May 14, 2019

Little change in opinion since 2017

A graph showing public remains supportive of same-sex marriage; wide partisan gap persistsAfter years of generally steady increases, opinions about same-sex marriage are mostly unchanged since 2017. Today, a majority of Americans (61%) favor allowing gays and lesbians to marry legally, while about half as many (31%) oppose same-sex marriage.

While attitudes about same-sex marriage are changed little from two years ago, support has increased substantially over the past two decades. In 2004, opinion was almost the reverse of what it is today: 60% opposed same-sex marriage, while just 31% were in favor.

The Pew Research Center survey, conducted March 20-25 among 1,503 adults finds that Republicans and Democrats remain deeply divided over legal marriage for gays and lesbians – though support has increased significantly in both parties over the past 15 years.

Today, three-quarters of Democrats and Democratic-leaning independents favor same-sex marriage, up from 43% 15 years ago. By contrast, fewer than half of Republicans and Republican leaners (44%) support same-sex marriage; in 2004, just 19% of Republicans supported it.

Support for same-sex marriage also has increased among nearly all demographic groups over the past 15 years, including across generations and by religious affiliation:

  • Support for same-sex marriage is highest among Millennials (74%) – as has generally been the case for nearly a decade. A majority of Gen Xers (58%) support allowing gays and lesbians to marry legally, as do about half of Boomers (51%) and 45% of the Silent Generation.
  • Among religious groups, majorities of Catholics (61%), white mainline Protestants (66%) and the religiously unaffiliated (79%) say they support same-sex marriage. By contrast, just  29% of white evangelical Protestants favor same-sex marriage, while about twice as many (63%) are opposed.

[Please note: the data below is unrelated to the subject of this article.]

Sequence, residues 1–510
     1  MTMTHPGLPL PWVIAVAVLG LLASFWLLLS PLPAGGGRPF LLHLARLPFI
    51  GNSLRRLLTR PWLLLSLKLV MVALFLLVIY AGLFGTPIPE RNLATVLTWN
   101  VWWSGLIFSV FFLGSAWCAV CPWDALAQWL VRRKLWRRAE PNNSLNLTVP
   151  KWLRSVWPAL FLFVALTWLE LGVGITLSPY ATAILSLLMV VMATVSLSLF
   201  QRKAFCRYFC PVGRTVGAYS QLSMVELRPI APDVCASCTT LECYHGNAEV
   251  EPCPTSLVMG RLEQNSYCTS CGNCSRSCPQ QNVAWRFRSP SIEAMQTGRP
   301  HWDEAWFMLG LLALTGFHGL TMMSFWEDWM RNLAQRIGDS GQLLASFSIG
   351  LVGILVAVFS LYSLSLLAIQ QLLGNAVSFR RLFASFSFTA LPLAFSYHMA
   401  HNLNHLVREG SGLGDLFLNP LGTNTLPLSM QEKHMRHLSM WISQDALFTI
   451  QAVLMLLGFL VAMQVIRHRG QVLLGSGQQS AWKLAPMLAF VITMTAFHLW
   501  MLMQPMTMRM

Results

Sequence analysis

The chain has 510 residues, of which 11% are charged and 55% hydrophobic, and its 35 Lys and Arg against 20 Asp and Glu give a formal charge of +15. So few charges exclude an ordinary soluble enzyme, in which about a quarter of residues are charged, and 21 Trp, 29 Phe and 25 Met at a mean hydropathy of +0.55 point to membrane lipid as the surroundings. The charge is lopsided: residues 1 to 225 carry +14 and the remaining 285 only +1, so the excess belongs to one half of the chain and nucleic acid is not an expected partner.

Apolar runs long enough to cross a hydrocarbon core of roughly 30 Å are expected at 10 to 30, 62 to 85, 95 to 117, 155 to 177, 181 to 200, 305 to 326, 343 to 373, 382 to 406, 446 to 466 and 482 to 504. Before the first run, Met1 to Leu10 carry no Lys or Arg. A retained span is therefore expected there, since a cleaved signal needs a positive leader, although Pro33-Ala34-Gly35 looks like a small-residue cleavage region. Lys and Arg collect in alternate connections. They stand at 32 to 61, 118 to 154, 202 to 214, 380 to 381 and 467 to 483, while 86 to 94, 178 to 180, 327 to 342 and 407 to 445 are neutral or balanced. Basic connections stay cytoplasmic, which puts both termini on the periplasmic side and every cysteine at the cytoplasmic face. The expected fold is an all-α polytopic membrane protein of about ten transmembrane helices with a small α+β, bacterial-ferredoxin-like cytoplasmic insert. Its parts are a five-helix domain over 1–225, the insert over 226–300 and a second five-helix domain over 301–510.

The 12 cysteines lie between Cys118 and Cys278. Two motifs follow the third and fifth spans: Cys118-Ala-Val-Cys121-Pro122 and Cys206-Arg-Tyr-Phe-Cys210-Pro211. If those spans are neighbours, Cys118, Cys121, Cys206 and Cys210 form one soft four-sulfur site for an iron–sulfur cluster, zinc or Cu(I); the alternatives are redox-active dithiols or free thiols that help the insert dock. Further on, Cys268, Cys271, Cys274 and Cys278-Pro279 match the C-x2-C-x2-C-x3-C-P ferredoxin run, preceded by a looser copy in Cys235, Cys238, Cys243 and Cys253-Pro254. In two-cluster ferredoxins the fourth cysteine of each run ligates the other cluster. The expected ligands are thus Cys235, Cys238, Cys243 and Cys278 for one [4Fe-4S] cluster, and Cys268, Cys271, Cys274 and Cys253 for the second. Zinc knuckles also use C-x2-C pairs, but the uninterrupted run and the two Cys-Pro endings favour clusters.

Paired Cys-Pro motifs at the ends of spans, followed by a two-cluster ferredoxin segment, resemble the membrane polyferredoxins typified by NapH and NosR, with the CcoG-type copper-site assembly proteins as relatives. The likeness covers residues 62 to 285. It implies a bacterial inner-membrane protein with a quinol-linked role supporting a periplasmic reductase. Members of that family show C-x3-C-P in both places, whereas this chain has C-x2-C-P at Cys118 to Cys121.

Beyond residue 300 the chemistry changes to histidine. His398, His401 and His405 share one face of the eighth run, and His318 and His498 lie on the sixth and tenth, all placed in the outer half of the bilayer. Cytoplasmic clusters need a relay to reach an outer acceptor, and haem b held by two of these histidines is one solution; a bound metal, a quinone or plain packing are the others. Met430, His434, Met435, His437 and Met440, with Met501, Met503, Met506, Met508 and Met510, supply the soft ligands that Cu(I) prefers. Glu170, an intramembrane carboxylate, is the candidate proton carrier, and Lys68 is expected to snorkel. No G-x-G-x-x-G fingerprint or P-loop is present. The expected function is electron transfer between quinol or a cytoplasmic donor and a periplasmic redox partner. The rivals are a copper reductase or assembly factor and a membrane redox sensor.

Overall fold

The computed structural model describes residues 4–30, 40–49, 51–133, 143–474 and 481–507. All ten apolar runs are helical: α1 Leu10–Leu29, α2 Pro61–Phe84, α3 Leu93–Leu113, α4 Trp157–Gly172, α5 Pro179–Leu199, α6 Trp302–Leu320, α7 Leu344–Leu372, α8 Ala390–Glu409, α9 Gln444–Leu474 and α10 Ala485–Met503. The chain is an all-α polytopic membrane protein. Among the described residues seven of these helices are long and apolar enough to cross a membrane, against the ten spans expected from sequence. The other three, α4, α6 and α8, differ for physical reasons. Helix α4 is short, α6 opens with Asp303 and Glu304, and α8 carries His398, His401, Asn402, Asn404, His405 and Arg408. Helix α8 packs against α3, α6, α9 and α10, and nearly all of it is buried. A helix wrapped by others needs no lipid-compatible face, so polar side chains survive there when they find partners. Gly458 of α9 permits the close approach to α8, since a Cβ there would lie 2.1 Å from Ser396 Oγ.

Continue exploring attitudes about same-sex marriage.

Year Favor Oppose
2001 35% 57%
2003 32% 59%
2004 31% 60%
2005 36% 53%
2006 35% 55%
2007 37% 54%
2008 39% 51%
2009 37% 54%
2010 42% 48%
2011 46% 44%
2012 48% 43%
2013 50% 43%
2014 52% 40%
2015 55% 39%
2016 55% 37%
2017 62% 32%
2019 61% 31%

Pew Research Center

Year Rep/Lean Rep Dem/Lean Dem
2001 23% 45%
2003 24% 44%
2004 19% 43%
2005 20% 49%
2006 20% 47%
2007 20% 49%
2008 23% 51%
2009 21% 51%
2010 27% 55%
2011 35% 57%
2012 30% 63%
2013 33% 62%
2014 37% 67%
2015 38% 69%
2016 38% 70%
2017 47% 76%
2019 44% 75%

Pew Research Center

Year Republican Lean Rep Lean Dem Democrat
2001 21% 29% 53% 43%
2003 22% 29% 48% 43%
2004 17% 23% 47% 40%
2005 19% 24% 60% 45%
2006 17% 27% 55% 43%
2007 18% 25% 52% 48%
2008 19% 31% 55% 50%
2009 19% 25% 54% 50%
2010 24% 32% 59% 53%
2011 27% 45% 59% 56%
2012 25% 38% 66% 62%
2013 29% 40% 69% 59%
2014 30% 47% 72% 64%
2015 32% 48% 74% 66%
2016 33% 46% 70% 70%
2017 40% 57% 82% 73%
2019 37% 56% 81% 71%

Pew Research Center

Year Cons Rep/Ln Rep Mod-Lib Rep/Ln Rep Cons-Mod Dem/Ln Dem Lib Dem/Ln Dem
2001 15% 37% 39% 59%
2003 16% 38% 38% 63%
2004 12% 28% 33% 66%
2005 10% 36% 36% 73%
2006 11% 33% 37% 69%
2007 12% 35% 41% 71%
2008 15% 37% 42% 74%
2009 14% 36% 43% 70%
2010 17% 44% 46% 72%
2011 24% 49% 50% 72%
2012 20% 48% 55% 79%
2013 24% 49% 53% 79%
2014 25% 56% 58% 82%
2015 25% 60% 59% 84%
2016 25% 60% 61% 84%
2017 39% 63% 66% 90%
2019 36% 59% 64% 88%

Pew Research Center